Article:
What the heck was Stephen implying? That he was power hungry? Mash quickly said, ‘these things are decided by the will of the people. Tawa is a democracy. If the people do not like me or trust me, they will not vote for me. Let the people decide.’

‘But don’t you think it is unfair when a senior leader like Horan Samiban is asked to step down just because you have returned from England? You don’t have any political experience or a track record!’

‘Horan-raan is stepping down voluntarily. The TFP has its finger on the pulse on the people. We have some idea as to what the people want. They would not welcome me with open arms if they thought I was unlikely to lead them to power. And ultimately the people will decide.’

‘Were you involved in the process of selecting TFP candidates for the coming elections? Or do you wish you could have come back slightly earlier so that you could have been involved in selecting the TFP’s candidates? 

 ‘I was fully involved in the selection of candidates. We used to hold discussions over the phone. These days you can do a lot my phone and email.’ Stephen was tempted to ask which of the TFP politicians used email on a regular basis but desisted.

‘The Seeda problem, things are quiet for the moment. But there is no sign of a lasting solution yet. Do you have any fresh ideas?’

‘I will do my best to solve the problems faced by the Seedas. But it will have to be without compromising on Tawa’s unity and integrity.’

‘So, what exactly do you plan to do?’

‘I’m afraid you’ll have to wait and see. It’s a bit too early for me to reveal my plans.’

‘Were you happy with the way the Prime Minister allowed General Naranin to flee the country and go to Switzerland?’

‘I am sure Horan-raan acted in the best interests of the country. There could have been a bloodbath if General Naranin was not allowed to leave. I was not around at that time. I have no complaints at all.’

‘But the TFP government went out of its way to make life easy for General Naranin, didn’t it? It informed the Swiss government that it had no charges or claims against General Naranin and that General Naranin was free to go where he wanted. If the TFP government had not said that, General Naranin would not have been allowed to travel to Switzerland and live there. To obtain a residency permit in Switzerland, General Naranin has invested a substantial amount of money in a local Swiss company. Again, no questions were asked regarding the source of such funds. Mr. Horan Samiban’s government never asked if the General had stashed away any money in secret bank accounts in Switzerland or Luxembourg. What do you think of all that?’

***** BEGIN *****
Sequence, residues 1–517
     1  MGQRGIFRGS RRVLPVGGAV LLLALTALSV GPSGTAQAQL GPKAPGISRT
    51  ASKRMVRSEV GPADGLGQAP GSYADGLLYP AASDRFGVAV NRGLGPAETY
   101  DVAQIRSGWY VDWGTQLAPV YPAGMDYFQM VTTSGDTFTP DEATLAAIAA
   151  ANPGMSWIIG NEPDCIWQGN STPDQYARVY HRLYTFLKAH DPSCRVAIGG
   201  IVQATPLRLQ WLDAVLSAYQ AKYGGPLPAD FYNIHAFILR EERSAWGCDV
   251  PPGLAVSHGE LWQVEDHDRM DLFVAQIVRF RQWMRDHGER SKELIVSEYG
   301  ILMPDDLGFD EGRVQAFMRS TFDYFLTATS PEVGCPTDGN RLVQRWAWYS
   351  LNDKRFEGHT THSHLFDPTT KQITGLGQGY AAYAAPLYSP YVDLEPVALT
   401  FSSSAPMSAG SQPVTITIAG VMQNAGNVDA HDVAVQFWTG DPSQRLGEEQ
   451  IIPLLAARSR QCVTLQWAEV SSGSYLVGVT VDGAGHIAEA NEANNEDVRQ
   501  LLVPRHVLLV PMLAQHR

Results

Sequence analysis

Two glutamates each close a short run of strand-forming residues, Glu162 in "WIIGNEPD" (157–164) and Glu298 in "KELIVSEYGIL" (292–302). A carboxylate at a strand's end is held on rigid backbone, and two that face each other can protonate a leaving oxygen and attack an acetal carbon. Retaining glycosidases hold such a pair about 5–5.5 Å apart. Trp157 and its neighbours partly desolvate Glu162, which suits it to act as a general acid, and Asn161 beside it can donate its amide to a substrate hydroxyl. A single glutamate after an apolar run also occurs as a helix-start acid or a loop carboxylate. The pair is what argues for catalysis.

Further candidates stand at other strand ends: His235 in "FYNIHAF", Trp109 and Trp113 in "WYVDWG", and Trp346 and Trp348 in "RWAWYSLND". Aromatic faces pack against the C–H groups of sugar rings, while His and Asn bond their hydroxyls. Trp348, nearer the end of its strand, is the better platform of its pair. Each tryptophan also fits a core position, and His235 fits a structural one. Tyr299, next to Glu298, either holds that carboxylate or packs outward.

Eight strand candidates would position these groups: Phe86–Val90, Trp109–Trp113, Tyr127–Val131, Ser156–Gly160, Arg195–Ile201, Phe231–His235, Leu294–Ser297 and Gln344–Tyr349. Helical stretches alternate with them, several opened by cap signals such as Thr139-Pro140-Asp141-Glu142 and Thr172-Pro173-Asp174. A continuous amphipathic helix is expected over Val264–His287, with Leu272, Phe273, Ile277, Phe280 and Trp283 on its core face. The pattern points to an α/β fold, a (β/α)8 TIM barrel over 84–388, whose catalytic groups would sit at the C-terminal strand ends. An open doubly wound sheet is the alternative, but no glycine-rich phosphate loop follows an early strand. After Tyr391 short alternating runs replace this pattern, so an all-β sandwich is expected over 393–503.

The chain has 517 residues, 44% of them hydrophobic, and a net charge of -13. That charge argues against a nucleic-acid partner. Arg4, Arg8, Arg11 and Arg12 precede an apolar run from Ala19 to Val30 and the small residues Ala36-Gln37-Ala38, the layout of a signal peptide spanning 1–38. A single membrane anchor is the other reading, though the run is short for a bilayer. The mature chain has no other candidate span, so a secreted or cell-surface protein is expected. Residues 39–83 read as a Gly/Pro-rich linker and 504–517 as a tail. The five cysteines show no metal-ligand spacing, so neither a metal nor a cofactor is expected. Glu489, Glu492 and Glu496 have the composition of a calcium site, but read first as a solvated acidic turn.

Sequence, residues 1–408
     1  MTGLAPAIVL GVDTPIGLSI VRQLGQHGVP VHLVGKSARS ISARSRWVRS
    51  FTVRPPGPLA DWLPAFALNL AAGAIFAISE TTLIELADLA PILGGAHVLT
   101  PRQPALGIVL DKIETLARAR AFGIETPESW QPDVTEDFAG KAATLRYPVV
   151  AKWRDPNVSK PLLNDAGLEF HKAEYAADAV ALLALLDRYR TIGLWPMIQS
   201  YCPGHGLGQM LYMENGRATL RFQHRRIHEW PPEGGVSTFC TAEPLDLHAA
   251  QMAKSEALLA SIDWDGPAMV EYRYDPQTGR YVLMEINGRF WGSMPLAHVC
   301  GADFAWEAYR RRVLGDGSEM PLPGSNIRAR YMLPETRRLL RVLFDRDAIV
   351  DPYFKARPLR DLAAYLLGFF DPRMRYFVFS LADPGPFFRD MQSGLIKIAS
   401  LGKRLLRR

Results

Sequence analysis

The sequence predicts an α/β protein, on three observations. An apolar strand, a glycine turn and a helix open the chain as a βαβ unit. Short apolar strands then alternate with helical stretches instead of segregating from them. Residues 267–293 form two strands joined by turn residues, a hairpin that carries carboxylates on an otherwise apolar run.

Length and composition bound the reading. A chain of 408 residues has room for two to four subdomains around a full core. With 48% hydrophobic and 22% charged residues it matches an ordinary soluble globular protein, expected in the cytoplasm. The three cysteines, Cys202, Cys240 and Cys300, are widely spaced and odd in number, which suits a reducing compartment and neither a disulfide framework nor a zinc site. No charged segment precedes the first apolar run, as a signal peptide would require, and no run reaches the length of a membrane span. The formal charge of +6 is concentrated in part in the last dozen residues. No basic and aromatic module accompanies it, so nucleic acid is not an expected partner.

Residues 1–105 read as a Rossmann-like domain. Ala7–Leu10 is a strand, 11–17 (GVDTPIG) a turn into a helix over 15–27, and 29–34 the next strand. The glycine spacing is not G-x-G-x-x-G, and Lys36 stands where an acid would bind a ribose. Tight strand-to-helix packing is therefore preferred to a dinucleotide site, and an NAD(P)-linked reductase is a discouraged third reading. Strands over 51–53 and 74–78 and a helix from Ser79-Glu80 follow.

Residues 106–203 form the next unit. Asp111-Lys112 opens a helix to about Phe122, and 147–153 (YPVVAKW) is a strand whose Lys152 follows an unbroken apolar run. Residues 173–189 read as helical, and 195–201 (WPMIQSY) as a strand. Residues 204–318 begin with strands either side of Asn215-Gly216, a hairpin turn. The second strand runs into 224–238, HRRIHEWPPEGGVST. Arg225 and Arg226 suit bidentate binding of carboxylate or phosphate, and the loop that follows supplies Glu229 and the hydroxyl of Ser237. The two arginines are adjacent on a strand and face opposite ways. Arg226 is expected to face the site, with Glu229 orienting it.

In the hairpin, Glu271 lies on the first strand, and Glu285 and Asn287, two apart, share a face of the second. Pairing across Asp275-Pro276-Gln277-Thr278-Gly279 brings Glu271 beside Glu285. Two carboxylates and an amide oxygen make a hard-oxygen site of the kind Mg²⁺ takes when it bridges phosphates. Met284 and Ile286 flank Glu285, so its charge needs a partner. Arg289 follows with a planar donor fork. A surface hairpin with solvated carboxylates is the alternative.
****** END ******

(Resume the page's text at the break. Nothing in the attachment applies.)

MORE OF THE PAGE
‘As I just said, I wasn’t around at that time. I have no right to judge the events that took place five years ago.’

‘Next, the money which Tawa owes the United States. Almost a billion dollars, which was borrowed mainly during General Naranin’s time. When do you think Tawa will repay this money? Or are you hoping for a loan waiver?

‘Ha! Ha! I would not complain if we got a loan waiver. If the economy picks up, and I am sure that it will, we will be able to repay our debts easily.’

‘If you were to win the elections, will you try to get a World Bank loan? Now that you are back, it may be easier for Tawa to get a large World Bank loan.’

‘Again, it’s too early to decide.  I haven’t won the elections yet!’

‘Now that you are back, would you be staying here permanently?’

‘Yes, of course. I do not see myself going back. Ever.’

Good riddance, Mash told himself as Stephen Seymour left.

That night Mash had his usual recurring nightmare. He was walking through a dark forest when he fell into large manhole. A gang of smelly ruffians fell on him and started to beat him up. Mash begged them for mercy, but they would not stop. When they finally did, they trussed him up and threw him into a small cupboard. One of the gangsters asked his leader, ‘why don’t we kill this guy right away?’ To which the leader replied, ‘no, that won’t do. His father was also tied up for many days.’ Mash thrashed about with the ropes around him and finally woke up, panting.  Judy was softly snoring by his side. It was only three in the morning. He went to the toilet to relieve himself, drank some water and tried to go back to sleep.

Continued to Next Page 
     

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12-Dec-2020
More by :  Vinod Joseph